As more facilities were added to the agency's responsibilities, experienced employees have left, under pressure from new leadership or because of the increasing burdens. In the past year or so, more than a dozen key officials left posts in information technology, and licensing and inspection programs in substance abuse, mental health, assisted living and developmental disabilities.
"We relied heavily on judgment," said one staff member who wants to pursue future state government work and did not wish to be identified. "And when you replace [them] with people who don't know what they're doing, or don't replace people, it slows things down. ... It's worrisome."
Richard Mollot, director of the New York-based Long Term Care Community Coalition, said other states, too, have problems inspecting medical facilities each year. His advocacy group is pushing for more federal oversight. He said he did not know of any other states looking to use accreditation in lieu of regular inspections.
"It's unfortunate that the states are not held more accountable for this," he said. "The system is just not in any way ... doing what it's supposed to."
Problems at LifeLine
At LifeLine, state inspectors found "serious deficiencies" in staffing and care at its adult facility in Owings Mills beginning in 2009, and subsequent reviews cited the company for inadequate care. Three adult residents died in 2010 and 2011, and the state revoked the company's license to care for adults.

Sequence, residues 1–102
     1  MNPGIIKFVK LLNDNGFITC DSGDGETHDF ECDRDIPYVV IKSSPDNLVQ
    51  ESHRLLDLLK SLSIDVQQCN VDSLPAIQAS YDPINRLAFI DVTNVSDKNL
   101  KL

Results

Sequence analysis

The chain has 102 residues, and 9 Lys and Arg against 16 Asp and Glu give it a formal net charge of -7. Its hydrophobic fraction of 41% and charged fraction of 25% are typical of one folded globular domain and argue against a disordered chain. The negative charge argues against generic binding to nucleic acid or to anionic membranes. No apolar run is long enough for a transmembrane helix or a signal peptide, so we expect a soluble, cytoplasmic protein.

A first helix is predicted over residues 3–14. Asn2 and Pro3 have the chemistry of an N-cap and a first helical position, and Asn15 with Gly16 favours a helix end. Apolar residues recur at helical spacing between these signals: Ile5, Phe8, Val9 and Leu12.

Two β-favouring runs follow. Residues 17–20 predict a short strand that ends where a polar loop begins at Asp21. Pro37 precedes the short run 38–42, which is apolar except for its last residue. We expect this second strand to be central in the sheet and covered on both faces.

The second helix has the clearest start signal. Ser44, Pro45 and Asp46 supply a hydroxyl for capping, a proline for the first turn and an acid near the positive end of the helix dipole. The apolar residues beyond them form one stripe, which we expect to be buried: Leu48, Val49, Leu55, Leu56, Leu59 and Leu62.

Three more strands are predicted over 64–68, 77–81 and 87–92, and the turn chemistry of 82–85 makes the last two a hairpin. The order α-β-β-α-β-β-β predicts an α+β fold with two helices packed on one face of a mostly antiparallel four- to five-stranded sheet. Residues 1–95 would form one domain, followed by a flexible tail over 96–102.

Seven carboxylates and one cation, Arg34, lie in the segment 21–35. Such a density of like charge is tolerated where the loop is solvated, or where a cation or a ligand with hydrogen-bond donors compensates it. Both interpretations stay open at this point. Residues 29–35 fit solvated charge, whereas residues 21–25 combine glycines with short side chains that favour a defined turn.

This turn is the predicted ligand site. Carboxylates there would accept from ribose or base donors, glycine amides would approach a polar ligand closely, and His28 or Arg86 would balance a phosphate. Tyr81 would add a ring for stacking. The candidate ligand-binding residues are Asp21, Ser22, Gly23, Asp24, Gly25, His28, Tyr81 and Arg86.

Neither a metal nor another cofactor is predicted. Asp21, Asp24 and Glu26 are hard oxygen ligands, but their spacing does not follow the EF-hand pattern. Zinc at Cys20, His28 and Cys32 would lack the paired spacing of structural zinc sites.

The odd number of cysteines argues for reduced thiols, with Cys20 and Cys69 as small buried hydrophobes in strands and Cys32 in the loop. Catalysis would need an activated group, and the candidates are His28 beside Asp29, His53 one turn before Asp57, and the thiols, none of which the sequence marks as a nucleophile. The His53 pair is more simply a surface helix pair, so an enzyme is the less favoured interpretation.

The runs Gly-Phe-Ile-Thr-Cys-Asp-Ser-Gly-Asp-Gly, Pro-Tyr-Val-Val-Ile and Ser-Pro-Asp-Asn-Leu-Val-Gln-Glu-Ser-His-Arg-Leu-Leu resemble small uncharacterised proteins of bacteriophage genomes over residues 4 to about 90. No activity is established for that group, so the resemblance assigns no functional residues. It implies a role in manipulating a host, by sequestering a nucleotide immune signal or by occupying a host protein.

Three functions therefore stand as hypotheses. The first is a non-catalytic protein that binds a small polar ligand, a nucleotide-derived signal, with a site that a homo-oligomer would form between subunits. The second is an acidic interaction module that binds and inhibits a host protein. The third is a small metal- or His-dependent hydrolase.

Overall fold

LifeLine was allowed to continue to care for children at a set of Laurel-area apartments. Inspectors found no significant concerns in the children's program until this year, when the state found evidence of inadequate care and began moving to revoke its license. The last child was removed from LifeLine's home the day after Damaud died.
Regulators continue to investigate the death and whether LifeLine's care was adequate. Officials have cautioned that it is too early to draw conclusions.
But the state did not receive timely information about LifeLine's problems, a recent investigation by The Baltimore Sun found.
The Sun informed the state of at least 10 allegations of abuse and neglect recorded in Anne Arundel County police and fire reports in 2013 and 2014. LifeLine also failed to notify the state about its bankruptcy filing in 2012, a $1.2 million IRS tax lien filed last year and a $45,000 lien filed in April by the state.
In 2012, LifeLine did not get a relicensure survey, the mandated annual review in which health inspectors typically interview patients and staff, and examine records related to care. Instead, it got a less thorough examination.
Nancy Pineles, an attorney with the Maryland Disability Law Center, said it is not clear whether regulators would have identified LifeLine's problems sooner had they done a relicensure survey in 2012. But she said the case underscores the importance of the state agency's inspections.
Her group supports accreditation as long as it does not replace regular inspections.
"The problem with moving away from surveying everyone on a regular basis is you don't have data to assess if a provider is performing well," Pineles said. "If you don't have data that's reliable, you can't make a determination whether a survey is required, and we're dealing with vulnerable populations."
Baltimore Sun reporters Meredith Cohn and Doug Donovan contributed to this article.